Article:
Chart Showing the Possible Evolution of Quantum Threats. Source: GQI’s State of Play Presentation

There was a recent flurry of concern over the strength of the Lattice based encryption algorithms approved by NIST due to a paper titled Quantum Algorithms for Lattice Problems published earlier this month by Yilei Chen, a professor at the Tsinghua University Institute for Interdisciplinary Information Science (IIIS). Two algorithms this would possibly have affected include ML-KEM (CRYSTALS-Kyber) and ML-DSA (CRYSTALS-Dilithium) which use an LWE (Learning with Errors) approach. These algorithms are based upon the computationally hard problems of determining the length of the shortest nonzero vector in a given n-dimensional lattice. His paper proposed a method to find a polynomial time algorithm for doing this with a quantum computer. The current best algorithms are only able to do this in exponential time.

Professor Chen did post a 65 page paper describing the algorithm that included nine steps. Immediately, many researchers started reviewing it to see if any errors in it could be found. It turns out there was. A problem was found in Step 9 and the author has admitted he doesn’t know how to fix it. The paper is still of interest to researchers, but at this point it no longer represents a threat to the Lattice based cryptographic codes.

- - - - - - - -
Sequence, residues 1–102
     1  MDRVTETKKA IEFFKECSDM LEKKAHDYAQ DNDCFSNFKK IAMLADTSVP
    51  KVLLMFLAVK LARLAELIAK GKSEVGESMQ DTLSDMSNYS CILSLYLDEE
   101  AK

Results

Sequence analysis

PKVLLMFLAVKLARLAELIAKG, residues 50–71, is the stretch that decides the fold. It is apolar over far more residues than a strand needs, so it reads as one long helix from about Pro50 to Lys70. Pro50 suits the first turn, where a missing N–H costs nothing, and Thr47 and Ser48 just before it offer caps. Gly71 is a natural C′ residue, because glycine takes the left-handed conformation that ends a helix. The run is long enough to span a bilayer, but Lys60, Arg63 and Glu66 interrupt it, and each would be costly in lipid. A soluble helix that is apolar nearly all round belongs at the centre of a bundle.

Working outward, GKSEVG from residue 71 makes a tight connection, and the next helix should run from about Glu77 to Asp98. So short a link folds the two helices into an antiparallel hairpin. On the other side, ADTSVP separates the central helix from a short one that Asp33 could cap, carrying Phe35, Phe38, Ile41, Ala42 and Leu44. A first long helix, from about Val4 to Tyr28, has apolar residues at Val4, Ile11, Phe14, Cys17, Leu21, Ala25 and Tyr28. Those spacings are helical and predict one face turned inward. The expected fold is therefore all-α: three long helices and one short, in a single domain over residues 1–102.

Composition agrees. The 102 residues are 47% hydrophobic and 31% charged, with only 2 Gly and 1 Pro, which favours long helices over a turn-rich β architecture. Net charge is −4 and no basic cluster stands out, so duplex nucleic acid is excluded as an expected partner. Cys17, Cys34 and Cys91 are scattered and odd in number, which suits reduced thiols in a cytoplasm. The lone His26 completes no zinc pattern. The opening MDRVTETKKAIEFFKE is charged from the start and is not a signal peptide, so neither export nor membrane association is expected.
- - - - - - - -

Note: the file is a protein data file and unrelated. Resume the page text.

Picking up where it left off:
However, there are lessons here for anyone responsible for implementing quantum safe cryptography within their organizations. The first is to ensure that your implementation provides a means to maintain crypto agility. Although this research effort no longer threatens the existing codes, we can’t say for sure that some brilliant PhD student somewhere will discovery an algorithm that works. There is no mathematical proof available that certifies that the PQC algorithms are bullet proof and there probably never will be. So if someday one of the existing PQC algorithms displays a weakness, an organization should be ready to swap in a alternate algorithm based upon a different approach that isn’t threatened. A second lesson is to implement hybrid solutions that use both the traditional as well as the PQC algorithms. That way if a weakness is found in the PQC algorithm, the adversary would still need to break through the classical algorithm in order to decrypt the message. Apple has taken this approach in the recent update to their iMessage app.

More information about this can be found in a copy of the paper here, a statement posted on the author’s website here and in additional comments posted on Scott’s Aaronson’s Shtetl Optimized blog here.

April 19, 2024